This paper reviews current diagnostic criteria for Metabolic Syndrome, and provides in-depth discussion of the component abnormalities. A cluster of abnormalities defines Metabolic Syndrome including insulin resistance, hypertension, obesity, hypertriglyceridemia, and low HDL cholesterol. Evidence that inflammation is another component of Metabolic Syndrome raises the possibility that this is an additional process that links Metabolic Syndrome to cardiovascular disease (CVD) risk. Population studies strongly suggest the existence of a relationship between the metabolic abnormalities associated with Metabolic Syndrome and the development of diabetes and cardiovascular disease. It appears that lifestyle modifications can contribute to the prevention of progression to diabetes and the reduction of individual CVD risk factors. Whether use of insulin sensitizing drugs can significantly delay or prevent the progression to diabetes is under investigation. Because of its contribution to the growing prevalence of type 2 diabetes, and the associated increased CVD risk, the recognition of Metabolic Syndrome and its consequences are critical in the course of morbidity and mortality risk assessment.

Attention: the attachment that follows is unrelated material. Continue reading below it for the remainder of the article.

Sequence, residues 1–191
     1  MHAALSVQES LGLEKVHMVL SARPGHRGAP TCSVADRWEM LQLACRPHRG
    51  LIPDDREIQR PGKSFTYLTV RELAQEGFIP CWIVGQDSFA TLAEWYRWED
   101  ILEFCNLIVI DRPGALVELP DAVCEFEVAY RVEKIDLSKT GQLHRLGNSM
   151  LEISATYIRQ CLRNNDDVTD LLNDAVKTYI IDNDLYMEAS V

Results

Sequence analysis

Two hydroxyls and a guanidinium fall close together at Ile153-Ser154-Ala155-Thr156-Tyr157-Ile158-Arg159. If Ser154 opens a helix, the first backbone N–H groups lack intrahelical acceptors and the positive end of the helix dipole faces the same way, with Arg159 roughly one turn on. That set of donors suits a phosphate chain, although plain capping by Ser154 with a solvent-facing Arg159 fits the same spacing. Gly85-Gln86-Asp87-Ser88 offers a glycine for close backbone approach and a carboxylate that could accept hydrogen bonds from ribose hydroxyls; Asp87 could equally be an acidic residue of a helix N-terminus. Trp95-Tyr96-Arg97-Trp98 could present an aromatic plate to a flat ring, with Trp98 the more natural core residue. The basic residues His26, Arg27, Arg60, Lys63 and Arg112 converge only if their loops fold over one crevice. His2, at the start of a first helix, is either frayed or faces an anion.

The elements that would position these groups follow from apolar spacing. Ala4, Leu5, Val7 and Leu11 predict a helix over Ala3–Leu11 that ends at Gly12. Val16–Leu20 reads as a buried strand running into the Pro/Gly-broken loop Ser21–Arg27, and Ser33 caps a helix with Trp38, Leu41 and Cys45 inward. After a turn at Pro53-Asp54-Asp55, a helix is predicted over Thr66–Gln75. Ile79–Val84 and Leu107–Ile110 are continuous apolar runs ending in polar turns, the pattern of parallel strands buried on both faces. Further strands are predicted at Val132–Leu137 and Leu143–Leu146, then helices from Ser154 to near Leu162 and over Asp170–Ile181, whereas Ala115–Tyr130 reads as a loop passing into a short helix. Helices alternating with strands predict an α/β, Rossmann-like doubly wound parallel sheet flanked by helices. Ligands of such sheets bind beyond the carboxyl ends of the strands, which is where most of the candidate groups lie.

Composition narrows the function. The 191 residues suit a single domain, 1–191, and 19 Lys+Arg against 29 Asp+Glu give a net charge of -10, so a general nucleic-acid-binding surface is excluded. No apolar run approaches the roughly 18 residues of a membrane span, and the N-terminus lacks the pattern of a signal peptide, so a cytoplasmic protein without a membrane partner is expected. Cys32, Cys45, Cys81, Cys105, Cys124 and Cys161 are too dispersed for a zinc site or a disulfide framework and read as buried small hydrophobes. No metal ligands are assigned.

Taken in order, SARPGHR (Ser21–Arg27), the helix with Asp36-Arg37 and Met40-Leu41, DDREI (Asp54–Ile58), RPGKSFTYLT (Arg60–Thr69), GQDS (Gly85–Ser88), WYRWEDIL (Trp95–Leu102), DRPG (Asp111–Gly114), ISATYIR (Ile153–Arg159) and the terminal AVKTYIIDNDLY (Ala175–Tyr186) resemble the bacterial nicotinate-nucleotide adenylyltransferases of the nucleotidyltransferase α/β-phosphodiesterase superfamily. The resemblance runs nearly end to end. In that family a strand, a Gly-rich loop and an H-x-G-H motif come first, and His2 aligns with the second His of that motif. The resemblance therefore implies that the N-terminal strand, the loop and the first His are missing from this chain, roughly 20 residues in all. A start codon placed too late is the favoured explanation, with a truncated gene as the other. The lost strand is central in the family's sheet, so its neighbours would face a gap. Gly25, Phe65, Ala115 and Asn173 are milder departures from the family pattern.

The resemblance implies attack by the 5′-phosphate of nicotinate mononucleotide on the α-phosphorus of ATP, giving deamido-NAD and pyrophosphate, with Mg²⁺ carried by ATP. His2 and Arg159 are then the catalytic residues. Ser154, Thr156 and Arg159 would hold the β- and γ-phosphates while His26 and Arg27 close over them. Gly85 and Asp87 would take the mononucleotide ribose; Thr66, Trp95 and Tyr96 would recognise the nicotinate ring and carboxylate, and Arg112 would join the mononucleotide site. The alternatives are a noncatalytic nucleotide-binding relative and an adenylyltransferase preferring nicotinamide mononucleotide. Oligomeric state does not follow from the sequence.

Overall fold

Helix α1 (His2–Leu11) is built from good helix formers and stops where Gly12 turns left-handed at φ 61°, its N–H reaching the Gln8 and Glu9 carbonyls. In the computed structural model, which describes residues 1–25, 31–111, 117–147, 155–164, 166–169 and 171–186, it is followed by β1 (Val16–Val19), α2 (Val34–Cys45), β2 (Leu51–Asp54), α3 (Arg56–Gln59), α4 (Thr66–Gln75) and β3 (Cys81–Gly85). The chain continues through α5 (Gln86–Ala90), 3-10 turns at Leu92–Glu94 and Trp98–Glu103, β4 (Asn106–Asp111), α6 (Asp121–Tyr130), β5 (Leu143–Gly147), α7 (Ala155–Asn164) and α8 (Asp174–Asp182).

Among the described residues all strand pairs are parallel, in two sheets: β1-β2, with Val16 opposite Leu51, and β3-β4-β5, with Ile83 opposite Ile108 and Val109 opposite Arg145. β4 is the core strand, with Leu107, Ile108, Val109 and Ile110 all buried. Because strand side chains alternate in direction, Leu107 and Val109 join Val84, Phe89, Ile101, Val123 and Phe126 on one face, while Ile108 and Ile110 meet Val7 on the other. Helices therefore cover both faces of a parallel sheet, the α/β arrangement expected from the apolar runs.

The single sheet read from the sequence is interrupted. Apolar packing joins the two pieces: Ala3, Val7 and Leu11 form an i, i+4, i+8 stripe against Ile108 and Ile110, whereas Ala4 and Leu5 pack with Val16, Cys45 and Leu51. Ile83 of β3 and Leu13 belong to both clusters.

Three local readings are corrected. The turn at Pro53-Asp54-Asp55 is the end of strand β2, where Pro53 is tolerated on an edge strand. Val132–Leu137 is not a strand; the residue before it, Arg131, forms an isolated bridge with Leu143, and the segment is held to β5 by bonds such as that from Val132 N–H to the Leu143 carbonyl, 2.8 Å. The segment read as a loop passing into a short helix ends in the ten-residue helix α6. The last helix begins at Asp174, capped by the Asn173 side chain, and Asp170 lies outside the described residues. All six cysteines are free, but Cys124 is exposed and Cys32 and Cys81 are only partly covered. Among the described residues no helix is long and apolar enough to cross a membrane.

|Original language||English (US)|
|Number of pages||11|
|Journal||Journal of insurance medicine (New York, N.Y.)|
|State||Published - 2004|
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